“The Trump administration has carried out 176 strikes in Yemen in just two years, compared with 154 there during all eight years of Obama’s tenure, according to a count by The Associated Press and the Bureau of Investigative Journalism.”

Obama drone attacked Al Qaeda positions in Yemen. His attacks on the Houthi rebels were minimal, the Houthis were thought to be defeated sooner or later – they weren’t. So Trump came to Saudi’s rescue by ramping up the drone attacks on Houthi positions – and still the Houthis are winning. What I’m saying is, Trump is terrible but he’s following the Obama program:

Pretty true - but he’s doing it more and with more willingness to allow civilian casualties and less transparency (Pentagon no longer reports drone missions outside of war theaters while all drone missions were previously reported and is no longer required to provide data on civilian casualties so values for this administration are clearly underestimates).

Anyway - nothing to support in either administration on the use of drones so no need to belabor the point.

1 Like

Ooohhh…Trump relising that he is following in Obomber footsteps is really going to piss him off and probably make him do something different. Worse? Who knows…

1 Like

Tulsi’s caveat is that she was and is a medic. Accept that as an excuse, or not.

He is leaving Afghanistan. He is not a warmonger. Bolton was forced on him. I see Trump as downsizing and isolating the US. But I think Bernie can do it without hurting the American people as much as Trump has.

1 Like

The mess left behind…
I would be interested in knowing more about our military’s lucrative drug trade, in regard to the Afghanistan exit. Are they arranging to continue the supply to our needy addicts?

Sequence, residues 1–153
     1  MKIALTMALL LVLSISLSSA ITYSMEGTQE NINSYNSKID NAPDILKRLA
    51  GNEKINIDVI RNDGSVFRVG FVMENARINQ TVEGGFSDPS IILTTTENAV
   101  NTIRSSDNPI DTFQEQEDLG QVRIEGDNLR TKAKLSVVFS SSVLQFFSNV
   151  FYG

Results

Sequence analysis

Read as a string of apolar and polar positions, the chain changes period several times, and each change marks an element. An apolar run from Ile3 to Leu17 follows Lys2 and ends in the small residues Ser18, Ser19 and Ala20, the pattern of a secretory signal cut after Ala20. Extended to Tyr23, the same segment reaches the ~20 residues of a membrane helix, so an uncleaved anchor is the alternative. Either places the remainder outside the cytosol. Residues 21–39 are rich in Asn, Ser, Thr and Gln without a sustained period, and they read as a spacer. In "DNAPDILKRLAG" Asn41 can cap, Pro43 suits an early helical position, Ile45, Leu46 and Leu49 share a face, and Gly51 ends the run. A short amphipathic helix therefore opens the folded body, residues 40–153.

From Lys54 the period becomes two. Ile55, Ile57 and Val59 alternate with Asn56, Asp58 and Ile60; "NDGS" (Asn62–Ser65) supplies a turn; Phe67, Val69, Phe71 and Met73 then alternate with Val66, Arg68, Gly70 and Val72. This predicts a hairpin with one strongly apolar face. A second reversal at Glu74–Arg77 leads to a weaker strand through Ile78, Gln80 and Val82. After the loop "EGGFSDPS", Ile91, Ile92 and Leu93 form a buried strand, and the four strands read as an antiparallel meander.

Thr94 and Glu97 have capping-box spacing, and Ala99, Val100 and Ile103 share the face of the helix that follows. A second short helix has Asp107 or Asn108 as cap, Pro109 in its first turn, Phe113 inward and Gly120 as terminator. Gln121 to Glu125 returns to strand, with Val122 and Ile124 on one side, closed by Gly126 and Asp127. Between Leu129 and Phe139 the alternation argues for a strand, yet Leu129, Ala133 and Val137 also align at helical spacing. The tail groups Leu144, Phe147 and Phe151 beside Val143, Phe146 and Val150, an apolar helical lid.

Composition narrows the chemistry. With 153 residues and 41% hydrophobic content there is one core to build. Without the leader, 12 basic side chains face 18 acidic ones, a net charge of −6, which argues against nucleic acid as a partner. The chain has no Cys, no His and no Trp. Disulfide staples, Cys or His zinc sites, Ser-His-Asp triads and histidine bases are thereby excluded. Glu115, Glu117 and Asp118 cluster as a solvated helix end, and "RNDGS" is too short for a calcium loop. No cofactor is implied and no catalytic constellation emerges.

I can’t say that I know the details. Usually they are easier to get in deep retrospect.

Not buying that Bolton was forced on him, but yes, I think Trump campaigned on reducing US military entanglement and has largely followed through. That’s one of the only times he told the truth. But the Trump derangement Syndrome is strong around here, and giving Trump – who is the most clueless president in history, despite this relatively praiseworthy military posture – even a modicum of credit rankles our fellow commenters.

But that happened in 2016, too. When I pointed out that Trump was running as a populist on positions to Hillary’s left (which were mostly nonsense, Trump’s lying is his trademark), I was branded a Putin Puppet, and Trump supporter.

1 Like

It’s strange that people generally consider the promotion of war as something rooted in ethnic, racist, and/or religious prejudices. Although governments exploit these prejudices to promote war, it is clear to me from examining the actions of the last few presidents that war is about power, cruelty, and wealth.
War wastes resources and the environment like no other human activity. Greta, can you add pacifism to your platform or is that asking too much?

1 Like